By Carissa Drury
Mpho Makutu is paying for his tertiary education — with trash. An enterprising inventor, Makutu’s interest in technology and self-driven pursuit of knowledge is enabling him to build remote-controlled cars, robots, and even a crane made from recycled materials.
Makutu started experimenting with electronic inventions in grade 5 when he built toy cars from wire and tin cans.
Soon, he was pinching electronic parts wherever he could find them at home. His father wasn’t too pleased — his sound system was first to be pulled apart.
As his technological skills developed, Makutu knew he would have to leave his home in Kopermyn, a rural community in Polokwane, and move to a bigger city to pursue his interest in robotics.
Mpho Makutu turns recycled materials into robots. Image supplied by Beautiful News.
After matriculating in 2015, Makutu headed to Johannesburg to study further, but struggled with the cost of living.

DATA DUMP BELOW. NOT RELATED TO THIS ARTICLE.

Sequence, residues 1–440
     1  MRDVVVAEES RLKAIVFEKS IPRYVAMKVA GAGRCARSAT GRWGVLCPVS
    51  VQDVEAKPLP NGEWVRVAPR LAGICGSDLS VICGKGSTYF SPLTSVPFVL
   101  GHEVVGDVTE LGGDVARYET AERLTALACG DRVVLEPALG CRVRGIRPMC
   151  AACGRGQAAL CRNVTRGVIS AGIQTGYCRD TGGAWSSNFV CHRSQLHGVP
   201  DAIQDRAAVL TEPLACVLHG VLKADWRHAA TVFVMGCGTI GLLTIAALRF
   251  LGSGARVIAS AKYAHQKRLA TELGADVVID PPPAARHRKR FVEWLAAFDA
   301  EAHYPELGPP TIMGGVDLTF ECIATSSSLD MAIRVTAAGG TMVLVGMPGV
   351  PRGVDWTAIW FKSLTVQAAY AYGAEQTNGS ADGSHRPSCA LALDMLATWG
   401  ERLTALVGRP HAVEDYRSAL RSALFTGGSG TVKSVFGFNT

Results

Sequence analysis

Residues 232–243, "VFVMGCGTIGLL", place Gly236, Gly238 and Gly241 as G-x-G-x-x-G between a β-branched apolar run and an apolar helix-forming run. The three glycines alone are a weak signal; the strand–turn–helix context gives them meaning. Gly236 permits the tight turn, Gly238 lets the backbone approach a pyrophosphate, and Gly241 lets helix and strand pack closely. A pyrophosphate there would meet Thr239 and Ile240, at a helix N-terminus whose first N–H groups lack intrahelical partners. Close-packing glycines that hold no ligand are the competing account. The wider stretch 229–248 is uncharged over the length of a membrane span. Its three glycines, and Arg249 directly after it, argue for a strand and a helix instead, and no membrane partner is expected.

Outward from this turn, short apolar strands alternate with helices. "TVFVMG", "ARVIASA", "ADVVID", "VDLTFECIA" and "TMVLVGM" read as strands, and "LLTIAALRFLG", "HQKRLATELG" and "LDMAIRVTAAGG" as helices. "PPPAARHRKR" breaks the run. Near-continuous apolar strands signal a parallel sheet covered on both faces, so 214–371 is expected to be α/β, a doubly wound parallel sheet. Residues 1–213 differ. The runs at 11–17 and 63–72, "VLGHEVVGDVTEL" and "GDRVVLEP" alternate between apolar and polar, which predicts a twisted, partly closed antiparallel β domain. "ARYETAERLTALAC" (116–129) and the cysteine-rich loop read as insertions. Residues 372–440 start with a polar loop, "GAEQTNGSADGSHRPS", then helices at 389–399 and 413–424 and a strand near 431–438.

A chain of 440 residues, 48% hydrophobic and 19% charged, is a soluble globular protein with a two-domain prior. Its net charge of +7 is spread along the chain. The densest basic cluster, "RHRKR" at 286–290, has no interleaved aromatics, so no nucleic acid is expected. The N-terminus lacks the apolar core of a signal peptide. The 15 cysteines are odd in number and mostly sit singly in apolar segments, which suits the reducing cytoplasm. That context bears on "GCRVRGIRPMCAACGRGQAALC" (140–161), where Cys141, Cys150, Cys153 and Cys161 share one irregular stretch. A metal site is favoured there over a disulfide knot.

So he continued to make robots and cars to demonstrate and sell in Soweto, using materials sourced from dump sites.
“My friends and family were amazed to see that trash could make a colourful robot,” he says.
The income from Makutu’s creations is enabling him to train in automotive repairs and maintenance at South West Gauteng technical and vocational education and training (TVET) college, where he is able to apply his natural affinity for electronics.
Makutu’s goal now is to provide solutions to problems his community faces rather than simply delighting with his inventions.
Motivated to help the people in his hometown, where subsistence farming is the primary way of life, Makutu designed and built a windmill with wire and a permanent magnet motor to pump water.
Currently, he’s in the process of perfecting the crane he built, which weighs 12 kilograms, is two metres tall and can make 360-degree turns controlled by a seven-lever remote.
It’s made entirely from trash – planks, coat hanger wires, cardboard, cool drink cans, drills from old motors, and even deodorant bottle caps.
“I’m very proud of the work that I do,” Makutu says. At a time when employment levels are desperately low for South Africa’s youth, and education is difficult to finance, Makutu is creating a solution for himself and his community out of scrap.